August 18, 2006
Volume 34
Issue 33
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Military bases see spike in 'Don't Ask, Don't Tell' dismissals
Military bases see spike in 'Don't Ask, Don't Tell' dismissals
Gay dismissals climb at Fort Campbell, scene of 1999 anti-Gay murder

Several U.S. military installations saw a significant increase in the number of troops dismissed under the "Don't Ask, Don't Tell" ban on openly Gay service members in 2005, according to new data obtained by Servicemembers Legal Defense Network (SLDN). Overall, 2005 dismissals increased from 668 in 2004 to 742 last year.

The sharpest increase in "Don't Ask, Don't Tell" dismissals occurred at Fort Campbell, Kentucky, where PFC Barry Winchell was murdered in 1999 by fellow soldiers who believed Winchell was Gay. In 2004, the base discharged 19 soldiers under the ban; that number climbed to 49 in 2005. Fort Sill, Oklahoma, also saw a significant increase, from 8 dismissals in 2004 to 27 last year. Fort Leonard Wood, Missouri, a large training facility for the Army, saw an increase as well, from 40 in 2004 to 60 in 2005. Parris Island, South Carolina, a Marine Corps base, discharged 22 service members in 2005, up from just 12 the prior year.

"When the Pentagon fires skilled service members for being Gay, like former Arabic linguist Bleu Copas, it is being utterly irresponsible," said C. Dixon Osburn, executive director of SLDN. "No American cares if the person who thwarts a plot to blow up an airplane is Gay. We care that our nation is secure. Congress should pass the Military Readiness Enhancement Act and repeal the archaic and counterproductive 'Don't Ask, Don't Tell' law immediately."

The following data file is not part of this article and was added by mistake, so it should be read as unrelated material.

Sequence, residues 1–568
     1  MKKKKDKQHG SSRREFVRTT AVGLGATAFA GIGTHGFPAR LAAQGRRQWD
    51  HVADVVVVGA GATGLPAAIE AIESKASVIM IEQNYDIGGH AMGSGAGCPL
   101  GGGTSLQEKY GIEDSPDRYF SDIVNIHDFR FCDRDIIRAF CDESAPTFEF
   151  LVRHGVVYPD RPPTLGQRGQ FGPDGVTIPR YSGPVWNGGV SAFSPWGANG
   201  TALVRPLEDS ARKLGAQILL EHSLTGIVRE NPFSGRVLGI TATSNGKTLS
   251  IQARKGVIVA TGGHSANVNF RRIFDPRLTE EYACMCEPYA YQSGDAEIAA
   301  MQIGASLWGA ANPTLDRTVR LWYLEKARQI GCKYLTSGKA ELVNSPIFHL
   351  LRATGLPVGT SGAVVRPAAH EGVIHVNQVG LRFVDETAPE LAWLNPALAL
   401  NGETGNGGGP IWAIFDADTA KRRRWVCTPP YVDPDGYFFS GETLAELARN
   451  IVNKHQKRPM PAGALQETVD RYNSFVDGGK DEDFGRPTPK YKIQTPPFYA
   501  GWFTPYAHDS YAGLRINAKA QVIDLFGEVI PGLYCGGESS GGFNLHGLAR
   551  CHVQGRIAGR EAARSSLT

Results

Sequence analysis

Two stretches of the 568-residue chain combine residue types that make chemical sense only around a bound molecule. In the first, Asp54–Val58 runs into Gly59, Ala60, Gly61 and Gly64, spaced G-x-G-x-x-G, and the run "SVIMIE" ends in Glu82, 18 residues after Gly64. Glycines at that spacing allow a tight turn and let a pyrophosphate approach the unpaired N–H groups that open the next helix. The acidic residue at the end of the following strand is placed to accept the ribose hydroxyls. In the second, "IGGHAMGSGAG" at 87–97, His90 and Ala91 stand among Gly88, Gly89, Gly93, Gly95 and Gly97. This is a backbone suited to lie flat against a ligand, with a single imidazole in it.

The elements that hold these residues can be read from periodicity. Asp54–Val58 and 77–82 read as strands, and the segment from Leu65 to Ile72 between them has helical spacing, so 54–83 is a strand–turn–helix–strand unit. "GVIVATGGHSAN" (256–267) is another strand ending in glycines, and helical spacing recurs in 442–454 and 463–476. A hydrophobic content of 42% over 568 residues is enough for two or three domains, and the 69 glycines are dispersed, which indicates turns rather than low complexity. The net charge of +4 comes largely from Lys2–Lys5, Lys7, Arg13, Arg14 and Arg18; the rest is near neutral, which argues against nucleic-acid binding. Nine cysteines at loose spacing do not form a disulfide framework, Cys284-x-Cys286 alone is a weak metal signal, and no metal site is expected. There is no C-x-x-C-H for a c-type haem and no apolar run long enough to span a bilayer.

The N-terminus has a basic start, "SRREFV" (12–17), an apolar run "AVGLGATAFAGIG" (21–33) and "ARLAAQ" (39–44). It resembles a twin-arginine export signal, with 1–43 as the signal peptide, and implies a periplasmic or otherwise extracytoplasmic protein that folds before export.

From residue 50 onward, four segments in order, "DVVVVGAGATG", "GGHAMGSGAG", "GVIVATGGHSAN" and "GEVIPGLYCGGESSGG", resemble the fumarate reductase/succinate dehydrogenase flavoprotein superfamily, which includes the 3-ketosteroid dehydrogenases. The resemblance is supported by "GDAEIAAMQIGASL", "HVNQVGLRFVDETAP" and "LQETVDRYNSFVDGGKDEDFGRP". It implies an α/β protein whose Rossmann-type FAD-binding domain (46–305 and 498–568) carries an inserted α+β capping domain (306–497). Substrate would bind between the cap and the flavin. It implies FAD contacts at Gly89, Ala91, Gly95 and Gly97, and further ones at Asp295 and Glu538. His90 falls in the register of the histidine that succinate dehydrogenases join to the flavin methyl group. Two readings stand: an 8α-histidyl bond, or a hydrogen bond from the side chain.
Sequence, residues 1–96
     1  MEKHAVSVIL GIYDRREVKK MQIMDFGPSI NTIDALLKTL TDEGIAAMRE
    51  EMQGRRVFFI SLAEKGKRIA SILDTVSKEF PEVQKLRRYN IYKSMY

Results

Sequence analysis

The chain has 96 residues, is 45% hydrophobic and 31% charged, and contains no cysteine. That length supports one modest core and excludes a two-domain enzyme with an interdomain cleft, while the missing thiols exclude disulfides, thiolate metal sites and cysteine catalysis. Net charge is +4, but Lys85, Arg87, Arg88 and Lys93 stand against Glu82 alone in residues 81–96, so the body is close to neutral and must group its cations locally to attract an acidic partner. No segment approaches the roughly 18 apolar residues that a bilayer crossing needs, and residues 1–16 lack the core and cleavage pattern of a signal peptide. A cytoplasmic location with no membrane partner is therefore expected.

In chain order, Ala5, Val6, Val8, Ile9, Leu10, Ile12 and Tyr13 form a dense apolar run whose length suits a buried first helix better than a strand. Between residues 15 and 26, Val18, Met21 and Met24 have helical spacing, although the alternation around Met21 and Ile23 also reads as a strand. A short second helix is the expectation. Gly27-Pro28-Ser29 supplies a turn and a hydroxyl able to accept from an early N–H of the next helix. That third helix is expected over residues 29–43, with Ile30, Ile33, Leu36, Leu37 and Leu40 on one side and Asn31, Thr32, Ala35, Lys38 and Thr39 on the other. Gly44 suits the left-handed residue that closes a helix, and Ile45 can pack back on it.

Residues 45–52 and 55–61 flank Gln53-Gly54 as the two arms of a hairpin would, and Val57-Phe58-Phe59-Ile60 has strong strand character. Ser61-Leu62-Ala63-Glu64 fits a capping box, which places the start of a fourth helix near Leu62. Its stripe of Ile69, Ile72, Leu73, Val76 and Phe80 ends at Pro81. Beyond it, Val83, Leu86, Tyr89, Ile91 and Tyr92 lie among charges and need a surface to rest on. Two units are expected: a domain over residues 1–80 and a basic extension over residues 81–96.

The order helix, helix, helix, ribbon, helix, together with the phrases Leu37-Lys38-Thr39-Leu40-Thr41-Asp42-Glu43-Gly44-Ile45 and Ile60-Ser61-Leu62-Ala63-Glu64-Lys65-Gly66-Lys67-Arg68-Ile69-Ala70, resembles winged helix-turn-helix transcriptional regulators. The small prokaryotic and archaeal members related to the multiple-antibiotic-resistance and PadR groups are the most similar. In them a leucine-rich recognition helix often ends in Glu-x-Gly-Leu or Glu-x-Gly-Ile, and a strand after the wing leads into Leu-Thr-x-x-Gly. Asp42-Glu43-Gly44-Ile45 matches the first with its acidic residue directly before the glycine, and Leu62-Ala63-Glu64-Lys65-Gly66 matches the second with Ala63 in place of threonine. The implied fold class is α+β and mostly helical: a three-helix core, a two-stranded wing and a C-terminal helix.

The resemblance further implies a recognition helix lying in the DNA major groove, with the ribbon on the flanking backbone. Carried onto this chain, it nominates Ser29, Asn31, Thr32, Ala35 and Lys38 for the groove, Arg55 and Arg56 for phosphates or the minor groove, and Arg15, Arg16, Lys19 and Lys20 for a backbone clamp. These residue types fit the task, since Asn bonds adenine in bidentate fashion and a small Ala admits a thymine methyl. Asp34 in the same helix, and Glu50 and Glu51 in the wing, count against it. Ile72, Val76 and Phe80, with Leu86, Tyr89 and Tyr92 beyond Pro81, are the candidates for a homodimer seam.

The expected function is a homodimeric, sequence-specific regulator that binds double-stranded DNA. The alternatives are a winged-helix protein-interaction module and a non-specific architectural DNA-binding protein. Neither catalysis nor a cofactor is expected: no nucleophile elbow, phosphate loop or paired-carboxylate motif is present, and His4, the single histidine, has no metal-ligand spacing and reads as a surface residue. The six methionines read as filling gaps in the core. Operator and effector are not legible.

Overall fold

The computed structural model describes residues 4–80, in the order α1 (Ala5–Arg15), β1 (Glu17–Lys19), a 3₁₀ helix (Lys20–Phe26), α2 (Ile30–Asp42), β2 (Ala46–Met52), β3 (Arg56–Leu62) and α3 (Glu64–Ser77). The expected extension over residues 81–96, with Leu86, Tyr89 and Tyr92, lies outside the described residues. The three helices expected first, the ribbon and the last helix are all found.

Neither the Pentagon nor officials at the bases mentioned have provided an explanation of the increase in dismissals. Overall, Gay discharges have decreased nearly 40% since the terrorist attacks of September 11, 2001. The FY2005 dismissals represent the first annual increase since the beginning of the war on terror.

"Those who serve our country deserve respect and honor, not pink slips and dismissals," said Osburn.

A complete synopsis of base-specific dismissals is available online at

Servicemembers Legal Defense Network is a national, non-profit legal services, watchdog and policy organization dedicated to ending discrimination against and harassment of military personnel affected by 'Don't Ask, Don't Tell' and related forms of intolerance. For more information, visit

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